My favorite tool for mak­ing art is a pen­cil. In this case, specif­i­cal­ly a Faber Castell, Poly­chro­mos, Schwartz Black. This col­or pen­cil makes very rich black marks that when used on a Bris­tol board with some tooth, look much like lith­o­graph­ic marks. I love the look of the marks, I even love how the pen­cil feels when draw­ing with it.

Faber Castell Polychromos Schwartz Black

close-up of John’s draw­ing using Faber Castell Poly­chro­mos Schwartz Black pencil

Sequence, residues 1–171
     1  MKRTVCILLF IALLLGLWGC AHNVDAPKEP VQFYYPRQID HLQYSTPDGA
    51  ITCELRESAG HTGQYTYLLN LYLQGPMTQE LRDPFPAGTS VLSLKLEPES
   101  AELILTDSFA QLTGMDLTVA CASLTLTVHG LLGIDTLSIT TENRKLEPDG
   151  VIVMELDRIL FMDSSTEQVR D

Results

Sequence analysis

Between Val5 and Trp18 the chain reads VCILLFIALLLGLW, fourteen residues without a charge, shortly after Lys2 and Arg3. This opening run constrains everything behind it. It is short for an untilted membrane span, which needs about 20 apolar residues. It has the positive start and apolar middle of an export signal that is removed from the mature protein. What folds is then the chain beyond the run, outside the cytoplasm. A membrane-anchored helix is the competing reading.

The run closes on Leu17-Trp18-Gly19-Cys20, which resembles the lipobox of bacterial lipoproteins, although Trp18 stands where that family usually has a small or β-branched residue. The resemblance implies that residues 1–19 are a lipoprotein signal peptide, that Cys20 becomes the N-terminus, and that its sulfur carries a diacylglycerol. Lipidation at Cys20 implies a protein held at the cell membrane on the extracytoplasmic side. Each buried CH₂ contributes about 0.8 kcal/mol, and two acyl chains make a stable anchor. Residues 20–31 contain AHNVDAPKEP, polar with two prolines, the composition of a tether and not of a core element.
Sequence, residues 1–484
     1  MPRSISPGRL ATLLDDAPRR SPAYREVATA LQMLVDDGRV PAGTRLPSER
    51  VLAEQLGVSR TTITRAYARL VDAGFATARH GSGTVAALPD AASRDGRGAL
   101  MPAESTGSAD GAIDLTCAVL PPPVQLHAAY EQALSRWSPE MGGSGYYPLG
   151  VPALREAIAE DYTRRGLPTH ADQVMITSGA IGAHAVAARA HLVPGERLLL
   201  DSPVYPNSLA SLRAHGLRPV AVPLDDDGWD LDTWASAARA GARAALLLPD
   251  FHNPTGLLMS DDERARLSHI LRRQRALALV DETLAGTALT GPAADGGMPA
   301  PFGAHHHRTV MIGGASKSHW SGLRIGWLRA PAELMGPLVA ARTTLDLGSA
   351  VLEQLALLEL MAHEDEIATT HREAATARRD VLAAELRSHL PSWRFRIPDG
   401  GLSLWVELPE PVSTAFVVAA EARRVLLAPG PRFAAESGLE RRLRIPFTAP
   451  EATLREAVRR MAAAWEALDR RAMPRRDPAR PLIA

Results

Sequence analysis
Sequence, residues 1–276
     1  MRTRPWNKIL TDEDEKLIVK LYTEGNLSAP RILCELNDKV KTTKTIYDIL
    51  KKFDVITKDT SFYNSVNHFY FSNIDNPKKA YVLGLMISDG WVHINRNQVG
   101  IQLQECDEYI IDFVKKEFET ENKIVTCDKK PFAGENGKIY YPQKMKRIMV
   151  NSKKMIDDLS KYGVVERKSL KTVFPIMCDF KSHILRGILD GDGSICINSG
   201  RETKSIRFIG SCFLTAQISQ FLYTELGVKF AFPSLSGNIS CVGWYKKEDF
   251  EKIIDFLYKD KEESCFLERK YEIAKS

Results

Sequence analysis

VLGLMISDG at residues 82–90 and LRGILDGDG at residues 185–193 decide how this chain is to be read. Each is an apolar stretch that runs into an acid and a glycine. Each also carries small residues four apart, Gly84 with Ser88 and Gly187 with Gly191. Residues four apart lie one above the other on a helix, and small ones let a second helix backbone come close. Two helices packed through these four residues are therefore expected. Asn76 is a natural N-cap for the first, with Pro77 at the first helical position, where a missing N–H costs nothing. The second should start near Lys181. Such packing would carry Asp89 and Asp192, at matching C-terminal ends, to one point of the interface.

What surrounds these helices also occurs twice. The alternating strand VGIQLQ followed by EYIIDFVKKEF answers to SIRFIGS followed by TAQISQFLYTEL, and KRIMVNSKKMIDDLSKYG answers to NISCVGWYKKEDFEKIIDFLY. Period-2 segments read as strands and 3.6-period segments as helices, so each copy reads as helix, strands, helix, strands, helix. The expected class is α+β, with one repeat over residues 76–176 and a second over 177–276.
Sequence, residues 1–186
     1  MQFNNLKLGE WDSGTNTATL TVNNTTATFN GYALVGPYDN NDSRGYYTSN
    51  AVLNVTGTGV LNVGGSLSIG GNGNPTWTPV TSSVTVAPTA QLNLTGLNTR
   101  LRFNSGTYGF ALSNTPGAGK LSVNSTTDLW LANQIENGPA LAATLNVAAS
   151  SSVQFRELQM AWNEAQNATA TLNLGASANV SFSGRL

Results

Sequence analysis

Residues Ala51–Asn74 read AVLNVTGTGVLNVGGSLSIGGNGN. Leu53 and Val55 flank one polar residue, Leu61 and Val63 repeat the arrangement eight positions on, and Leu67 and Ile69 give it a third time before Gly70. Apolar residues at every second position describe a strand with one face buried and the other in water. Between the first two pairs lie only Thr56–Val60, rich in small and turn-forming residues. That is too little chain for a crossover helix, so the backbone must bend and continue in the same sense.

Do you have your next project in mind?

I do have my next project in mind! In fact, it’s real­ly three projects. Fol­low­ing up on One Sum­mer Up North, I’m think­ing of the oth­er three sea­sons in the BWCAW, with win­ter com­ing next! Stay tuned…

Thank you, John, for answer­ing my ques­tions. Now I’m even more intrigued.

Are you, too, a curi­ous read­er? Please vis­it John Owen’s web­site for more information.